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The story behind the first baptism for the dead in this dispensation is one you may have never heard

by | Nov. 07, 2020

Did you know the first baptism for the dead was a mother acting in proxy for her recently deceased son? Did you know she was baptized in the Mississippi River? It’s true. Jane Neyman was baptized for her son, Cyrus, with a woman named Vienna Jacques on horseback serving as witness. It was not until 1845, following the death of the Prophet Joseph, that Brigham Young said that in the future Saints “never will see a man go forth to be baptized for a woman, nor a woman for a man,” according to ChurchofJesusChrist.org.

In his new book, Repicturing the RestorationAnthony Sweat said, “We have primarily shown the same Church history images over and over: the First Vision, Joseph with Moroni, Joseph and Oliver with John the Baptist or Peter, James and John, and images of pioneers. It is for good reason that these scenes are repeatedly painted since they are central to our founding Restoration narrative. But important and instructive Latter-day Saint history is often more diverse than these handful of events. As I have taught about Church history seeking to help learners develop a broad, deep, historically-informed, and doctrinally-mature faith, I have longed for paintings to visually accompany these types of discussions.”

As a result, Sweat set out to paint some of these lesser-known events from Church history. They are now captured in Repicturing the Restoration, a book that also includes the historical background behind each painting. On this week’s All In podcast, host Morgan Jones spoke with Sweat about his painting of Jane Neyman’s baptism.

Listen to the episode in the player below or by clicking here. You can also read a full transcript of the episode here.

The following excerpt has been edited for clarity. 

Morgan Jones: Which painting in the book has your favorite historical background and can you tell us a little bit about it?

Anthony Sweat: That is a great question. Probably my favorite one would have to be the first baptism for the dead with a woman named Jane Neyman. Now, think of baptisms for the dead—work for the dead. That’s a huge thing in the Restoration. And yet, most people don’t know when or how baptisms for the dead started. So I did a painting called “The First Baptism for the Dead,” and it shows a woman named Jane Neyman being baptized in the Mississippi River by a man named Harvey Olmstead, and the witness is a woman named Vienna Jacques who rode into the river on horseback to observe and witness the baptism.

So number one, cool foundational story that’s never been visually depicted. I mean, a woman on horseback in a river as someone gets baptized, how could it be cooler than that? But number two, the great thing about the story is the woman was baptized for her son. So it’s a woman being baptized for a man, it’s happening in a river, not in a temple, the elder made up the prayer on the spot. There was no set prayer, and the witness was a woman on horseback.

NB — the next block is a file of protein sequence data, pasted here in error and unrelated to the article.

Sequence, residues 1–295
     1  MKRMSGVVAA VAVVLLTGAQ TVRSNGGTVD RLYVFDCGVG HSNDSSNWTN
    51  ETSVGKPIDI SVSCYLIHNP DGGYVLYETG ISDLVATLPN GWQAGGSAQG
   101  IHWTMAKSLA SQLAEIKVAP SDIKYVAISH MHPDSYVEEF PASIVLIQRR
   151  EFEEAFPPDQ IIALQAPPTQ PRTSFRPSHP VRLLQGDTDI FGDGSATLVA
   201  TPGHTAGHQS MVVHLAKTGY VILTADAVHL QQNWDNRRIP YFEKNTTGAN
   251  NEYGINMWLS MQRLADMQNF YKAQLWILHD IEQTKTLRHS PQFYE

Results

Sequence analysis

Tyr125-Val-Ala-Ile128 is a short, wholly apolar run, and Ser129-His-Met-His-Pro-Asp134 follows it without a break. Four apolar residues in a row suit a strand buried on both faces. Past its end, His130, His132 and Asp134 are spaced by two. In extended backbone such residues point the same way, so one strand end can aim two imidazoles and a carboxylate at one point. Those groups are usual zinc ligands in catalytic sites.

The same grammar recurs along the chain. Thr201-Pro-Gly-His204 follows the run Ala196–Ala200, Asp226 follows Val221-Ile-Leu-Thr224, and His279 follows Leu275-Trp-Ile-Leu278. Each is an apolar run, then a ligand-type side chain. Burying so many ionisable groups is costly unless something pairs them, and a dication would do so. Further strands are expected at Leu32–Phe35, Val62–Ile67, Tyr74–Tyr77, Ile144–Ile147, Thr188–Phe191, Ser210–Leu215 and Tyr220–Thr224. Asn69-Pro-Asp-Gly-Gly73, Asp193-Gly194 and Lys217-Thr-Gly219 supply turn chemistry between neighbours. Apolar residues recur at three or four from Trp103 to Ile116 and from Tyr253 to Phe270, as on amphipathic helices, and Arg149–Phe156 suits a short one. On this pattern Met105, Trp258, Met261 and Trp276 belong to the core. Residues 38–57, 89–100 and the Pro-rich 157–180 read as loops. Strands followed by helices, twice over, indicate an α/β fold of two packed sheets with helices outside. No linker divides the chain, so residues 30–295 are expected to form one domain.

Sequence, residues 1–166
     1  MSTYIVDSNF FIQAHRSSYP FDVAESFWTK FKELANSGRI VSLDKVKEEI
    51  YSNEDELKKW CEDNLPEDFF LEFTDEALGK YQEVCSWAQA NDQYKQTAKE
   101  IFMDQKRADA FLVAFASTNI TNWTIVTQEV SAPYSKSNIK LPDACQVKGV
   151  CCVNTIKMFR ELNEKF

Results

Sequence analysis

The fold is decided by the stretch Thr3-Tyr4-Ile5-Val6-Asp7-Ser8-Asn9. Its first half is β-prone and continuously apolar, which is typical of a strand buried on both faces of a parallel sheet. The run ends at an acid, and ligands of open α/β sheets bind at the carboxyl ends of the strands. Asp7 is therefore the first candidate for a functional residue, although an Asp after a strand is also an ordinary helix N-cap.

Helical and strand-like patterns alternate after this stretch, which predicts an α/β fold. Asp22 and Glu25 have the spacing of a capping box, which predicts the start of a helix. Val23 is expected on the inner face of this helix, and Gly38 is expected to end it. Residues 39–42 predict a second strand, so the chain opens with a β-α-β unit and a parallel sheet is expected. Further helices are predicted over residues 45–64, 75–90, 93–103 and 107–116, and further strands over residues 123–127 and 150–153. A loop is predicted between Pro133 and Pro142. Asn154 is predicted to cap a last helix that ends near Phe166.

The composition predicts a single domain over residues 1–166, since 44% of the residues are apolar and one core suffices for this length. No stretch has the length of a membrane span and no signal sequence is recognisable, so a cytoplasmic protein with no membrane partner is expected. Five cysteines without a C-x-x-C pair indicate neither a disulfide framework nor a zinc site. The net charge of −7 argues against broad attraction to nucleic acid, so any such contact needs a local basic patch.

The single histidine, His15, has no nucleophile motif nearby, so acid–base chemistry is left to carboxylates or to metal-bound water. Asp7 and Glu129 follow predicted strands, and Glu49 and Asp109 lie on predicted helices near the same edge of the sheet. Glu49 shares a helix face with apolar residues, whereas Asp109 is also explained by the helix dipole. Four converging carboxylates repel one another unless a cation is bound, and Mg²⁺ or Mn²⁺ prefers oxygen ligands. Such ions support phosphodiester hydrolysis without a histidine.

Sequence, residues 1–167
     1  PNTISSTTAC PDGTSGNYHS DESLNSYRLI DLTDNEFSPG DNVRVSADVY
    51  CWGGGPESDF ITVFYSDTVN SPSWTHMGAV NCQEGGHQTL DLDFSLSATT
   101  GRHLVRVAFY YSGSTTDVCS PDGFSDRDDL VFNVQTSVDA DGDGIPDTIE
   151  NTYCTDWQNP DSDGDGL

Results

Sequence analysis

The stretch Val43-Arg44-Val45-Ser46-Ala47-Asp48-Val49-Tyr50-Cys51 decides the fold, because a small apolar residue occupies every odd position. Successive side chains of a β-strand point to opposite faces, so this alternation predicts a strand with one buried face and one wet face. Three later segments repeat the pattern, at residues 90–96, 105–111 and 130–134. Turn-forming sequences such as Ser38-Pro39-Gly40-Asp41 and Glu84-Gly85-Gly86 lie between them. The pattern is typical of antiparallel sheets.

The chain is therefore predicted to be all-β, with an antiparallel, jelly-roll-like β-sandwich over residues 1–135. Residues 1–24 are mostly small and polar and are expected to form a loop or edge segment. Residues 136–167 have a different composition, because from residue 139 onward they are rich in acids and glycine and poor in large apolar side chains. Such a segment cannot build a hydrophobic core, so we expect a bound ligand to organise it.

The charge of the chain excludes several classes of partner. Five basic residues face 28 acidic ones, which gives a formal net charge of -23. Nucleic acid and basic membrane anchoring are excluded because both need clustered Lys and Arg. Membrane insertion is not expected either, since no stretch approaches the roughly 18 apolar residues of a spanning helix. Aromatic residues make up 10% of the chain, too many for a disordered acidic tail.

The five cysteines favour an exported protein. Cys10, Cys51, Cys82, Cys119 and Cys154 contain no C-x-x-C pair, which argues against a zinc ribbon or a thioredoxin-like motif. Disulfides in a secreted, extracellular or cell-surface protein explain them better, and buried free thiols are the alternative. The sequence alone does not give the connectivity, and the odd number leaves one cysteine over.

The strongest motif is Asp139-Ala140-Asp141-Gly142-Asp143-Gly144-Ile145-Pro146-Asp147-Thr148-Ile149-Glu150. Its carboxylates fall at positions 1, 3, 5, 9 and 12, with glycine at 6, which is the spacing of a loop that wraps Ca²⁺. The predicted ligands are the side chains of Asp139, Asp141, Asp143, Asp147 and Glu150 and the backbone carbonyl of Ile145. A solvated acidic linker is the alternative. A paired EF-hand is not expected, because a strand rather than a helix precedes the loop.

And when Joseph Smith heard that the first baptism for the dead had been done, he asked how it was done. When he heard, he basically said, “That counts.” And to me, it’s just a cool example that God accepts of our righteous efforts, even in our imperfections. And that our history can inform us of things like that. So, for example, too, when the Church recently just changed their policy to allow women in the temple to act as witnesses for ordinances, my first thought was, “Well, we’ve been doing that from the very beginning.” That’s actually nothing new if you know our history, which is why images like this matter. They help us understand things more broadly. So that’s just one story of one cool Church history story with a great background behind it.

Morgan Jones: That’s super cool. So I have a question. From there, did Joseph seek revelation on baptism for the dead or how did that evolve?

Anthony Sweat: Yeah, this is great. See what you’re doing right now. Morgan, this is the point of the book—to get you to start thinking of questions like that, like, “Whoa, I didn’t know that’s how it started.” So then how did it evolve into what we have today? And what we see is that, like a lot of practices in the Church, God didn’t deliver the thing perfectly packaged, wrapped up in a bow. Things developed line upon line.

It took a few years before Joseph started to say, “No, we need to record these. We need to say the prayer the same way. They need to be done in the temple . . . not in a river.” It wasn’t until Brigham Young that Brigham starts saying, “We should have men be baptized for men and women be baptized for women to keep it gender-specific.” So, line upon line, those things slowly started to develop.


Image titleWhile existing artwork that portrays the Restoration is rich and beautiful, until now many key events in Latter-day Saint history have surprisingly never been depicted to accurately represent the historical record. The purpose of this volume is to produce paintings of some of the underrepresented events in order to expand our understanding of the Restoration. Each image includes a richly researched historical background, some artistic insights into the painting's composition, an application section providing one way this history may inform our present faith, and an analysis section offering potent questions that can be considered for further discussion. Through these new paintings, artist, author, and professor Anthony Sweat takes readers through a timeline history of pivotal events and revelations of the early Restoration. This book is not just a wonderful art book; it is also a pedagogical book using art as a launching pad to learn, evaluate, apply, and discuss important aspects of Latter-day Saint history and doctrine as readers repicture the Restoration. Learn more here.

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